Most people want to know only two things about a restaurant: how’s the food, and how’s the service? Almost no one thinks one way or the other about the lives of the back-of-house staff, where the bussers and runners hang out, making sure the servers get those dishes on time and cleaning up after a table of diners has left.
Playwright Elizabeth Irwin (who clocked many years as a server herself) gives the back-house group its due in “My Mañana Comes,” about four bussers/ runners at an upscale Manhattan restaurant. This group includes two undocumented immigrants, Jorge and Pepe; African American Peter, a Harlem resident, and third-generation Mexican American Whalid, from Brooklyn. Each has a goal and is looking for his own “mañana.”
“My Mañana Comes” gets its West Coast premiere through Oct. 25 at San Diego Repertory Theatre. Moxie Theatre’s Delicia Turner Sonnenberg directs.
Whalid (the most recent hire) has already decided being a busser is not his life’s goal and is studying to become an EMT. He practices on Pepe during off moments. Pepe, the youngest, has worked at the restaurant a few months, and is a sucker for the instant gratification of beer, sneakers and clubs. He wants to bring his brother to New York from Juarez.
Jorge (Jorge E. Rodriguez) lives penuriously, sharing living quarters with several others and eating leftovers in pursuit of his dream: to save enough money to return home and buy a house for his wife and children in Puebla.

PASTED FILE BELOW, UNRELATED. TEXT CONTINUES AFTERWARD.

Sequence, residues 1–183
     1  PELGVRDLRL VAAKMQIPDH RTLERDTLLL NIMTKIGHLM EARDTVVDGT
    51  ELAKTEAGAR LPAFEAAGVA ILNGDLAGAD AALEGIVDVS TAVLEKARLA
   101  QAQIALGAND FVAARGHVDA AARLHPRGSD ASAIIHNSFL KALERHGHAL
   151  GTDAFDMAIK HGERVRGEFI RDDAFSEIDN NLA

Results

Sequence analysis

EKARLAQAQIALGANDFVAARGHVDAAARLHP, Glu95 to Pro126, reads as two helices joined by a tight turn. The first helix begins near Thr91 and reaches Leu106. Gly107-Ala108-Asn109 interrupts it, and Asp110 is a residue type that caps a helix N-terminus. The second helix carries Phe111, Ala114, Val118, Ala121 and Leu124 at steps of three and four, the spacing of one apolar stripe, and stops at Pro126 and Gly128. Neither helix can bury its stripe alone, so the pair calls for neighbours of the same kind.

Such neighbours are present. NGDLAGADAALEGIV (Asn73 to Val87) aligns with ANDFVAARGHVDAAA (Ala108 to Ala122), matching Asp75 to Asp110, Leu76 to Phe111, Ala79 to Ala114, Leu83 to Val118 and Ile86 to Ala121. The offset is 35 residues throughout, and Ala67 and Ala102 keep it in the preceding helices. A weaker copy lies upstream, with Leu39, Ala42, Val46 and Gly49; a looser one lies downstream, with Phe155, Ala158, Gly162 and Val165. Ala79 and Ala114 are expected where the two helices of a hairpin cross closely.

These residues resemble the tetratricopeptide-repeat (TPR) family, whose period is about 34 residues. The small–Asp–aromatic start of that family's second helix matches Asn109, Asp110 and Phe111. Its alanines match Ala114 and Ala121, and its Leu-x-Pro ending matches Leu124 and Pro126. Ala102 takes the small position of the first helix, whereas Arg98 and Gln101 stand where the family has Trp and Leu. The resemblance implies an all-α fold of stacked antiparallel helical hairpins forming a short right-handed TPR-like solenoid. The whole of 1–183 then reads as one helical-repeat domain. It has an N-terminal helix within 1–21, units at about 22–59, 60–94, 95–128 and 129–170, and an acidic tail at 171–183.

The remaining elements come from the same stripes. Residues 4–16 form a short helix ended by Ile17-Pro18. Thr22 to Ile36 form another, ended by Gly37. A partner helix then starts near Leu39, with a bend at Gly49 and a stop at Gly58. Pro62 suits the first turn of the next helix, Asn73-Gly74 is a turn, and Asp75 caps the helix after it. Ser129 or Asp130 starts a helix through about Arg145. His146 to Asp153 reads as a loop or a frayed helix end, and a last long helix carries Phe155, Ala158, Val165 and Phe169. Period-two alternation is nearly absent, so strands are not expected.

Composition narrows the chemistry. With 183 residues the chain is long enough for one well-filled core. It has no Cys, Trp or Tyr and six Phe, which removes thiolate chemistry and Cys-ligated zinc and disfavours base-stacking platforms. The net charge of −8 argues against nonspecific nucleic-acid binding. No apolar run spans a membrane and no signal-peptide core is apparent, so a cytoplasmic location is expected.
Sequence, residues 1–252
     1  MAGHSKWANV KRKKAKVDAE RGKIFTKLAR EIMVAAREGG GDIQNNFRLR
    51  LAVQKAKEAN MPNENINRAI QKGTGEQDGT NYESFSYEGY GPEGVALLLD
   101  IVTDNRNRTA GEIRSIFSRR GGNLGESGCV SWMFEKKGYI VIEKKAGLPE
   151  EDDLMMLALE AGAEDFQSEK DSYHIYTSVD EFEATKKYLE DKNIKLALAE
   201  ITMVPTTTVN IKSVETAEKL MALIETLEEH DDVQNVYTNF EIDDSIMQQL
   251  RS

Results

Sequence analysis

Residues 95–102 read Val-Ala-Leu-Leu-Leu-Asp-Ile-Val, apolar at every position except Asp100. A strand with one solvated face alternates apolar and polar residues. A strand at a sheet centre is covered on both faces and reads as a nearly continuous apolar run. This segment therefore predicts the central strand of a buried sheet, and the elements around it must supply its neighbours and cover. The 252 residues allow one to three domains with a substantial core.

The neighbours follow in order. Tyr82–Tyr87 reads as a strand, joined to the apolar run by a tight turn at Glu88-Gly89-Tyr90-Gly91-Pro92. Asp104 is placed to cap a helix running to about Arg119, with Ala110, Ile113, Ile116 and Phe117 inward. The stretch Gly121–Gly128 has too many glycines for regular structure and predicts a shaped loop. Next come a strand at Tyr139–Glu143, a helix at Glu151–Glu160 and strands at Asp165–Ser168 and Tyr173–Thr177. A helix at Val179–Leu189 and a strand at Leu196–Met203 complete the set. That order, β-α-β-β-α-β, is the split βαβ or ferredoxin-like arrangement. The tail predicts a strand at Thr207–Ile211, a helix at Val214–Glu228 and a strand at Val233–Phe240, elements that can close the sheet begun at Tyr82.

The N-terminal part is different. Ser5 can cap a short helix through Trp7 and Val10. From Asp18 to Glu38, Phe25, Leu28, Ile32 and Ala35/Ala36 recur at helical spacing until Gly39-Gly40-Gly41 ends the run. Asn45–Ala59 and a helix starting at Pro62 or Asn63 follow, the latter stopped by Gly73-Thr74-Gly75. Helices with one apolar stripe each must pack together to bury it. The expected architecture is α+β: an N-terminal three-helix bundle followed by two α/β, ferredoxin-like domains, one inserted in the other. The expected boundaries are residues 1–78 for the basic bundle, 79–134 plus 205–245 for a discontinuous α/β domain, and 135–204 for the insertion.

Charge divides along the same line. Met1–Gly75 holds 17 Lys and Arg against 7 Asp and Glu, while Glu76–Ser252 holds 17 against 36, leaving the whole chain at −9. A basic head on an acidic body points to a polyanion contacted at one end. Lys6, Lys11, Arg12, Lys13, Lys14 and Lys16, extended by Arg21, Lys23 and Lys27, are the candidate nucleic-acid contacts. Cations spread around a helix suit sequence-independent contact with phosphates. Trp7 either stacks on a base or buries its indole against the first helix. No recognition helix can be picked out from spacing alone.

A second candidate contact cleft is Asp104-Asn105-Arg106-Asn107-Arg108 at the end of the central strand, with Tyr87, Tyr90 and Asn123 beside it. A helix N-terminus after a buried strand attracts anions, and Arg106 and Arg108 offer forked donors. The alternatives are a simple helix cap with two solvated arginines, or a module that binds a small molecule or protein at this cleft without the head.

Peter (Edred Utomi) is a born New Yorker, supporting his girlfriend and daughter. Easily the best at his job (and the only one who impressively demonstrates a successful cold leap over the prep table), he thinks he runs the place. Jorge and Peter are four-year veterans of the restaurant.
There’s something balletic about watching these guys in action, passing, turning, not bumping into each other as plates appear through one door and are carried through another while a third busser brings dirty plates back from the dining area. Director Delicia Turner Sonnenberg has a great eye for how that should look, and it’s impressive.
It’s the week after Memorial Day, and business is slowing for the summer. These guys live for (but not on) their shift pay and hope for good business, because that means they also get part of the servers’ tips.
There’s a lot of good-natured ribbing going on, and a fair amount of camaraderie as well. But when management threatens the existence of the back-of-house staff, the atmosphere changes dramatically as the play leaps to its surprising conclusion.
Sonnenberg’s cast is superb: the quiet determination of Rodriguez’ Jorge contrasts with the brash assertiveness of Utomi’s Peter; the eager youth of Martinez’ Pepe with Smith’s Whalid, ambitiously planning his escape to a better job.
Brian Redfern’s set design looks right (though I can’t attest to its authenticity). The rest of the fine tech team (Anastasia Pautova, costumes; Sherrice Mojgani, lighting and Kevin Anthenill, sound design) all make fine contributions.
Restaurant work is tough and largely poorly paid. Though the script occasionally lapses into preachiness, give Irwin credit for bringing these characters and their reach for the American dream to our attention.
“My Mañana Comes” plays through October 25, 2015 at San Diego Repertory Theatre’s Lyceum Space, 79 Horton Plaza, Downtown.
Wednesday at 7 pm; Thursday and Friday at 8 pm; Saturday at 2, 4 and 8 pm; Sunday at 2 and 7 pm
Tickets: (619) 544-1000 or www.sdrep.org
To read more reviews by SDGLN Theater Critic Jean Lowerison, click HERE.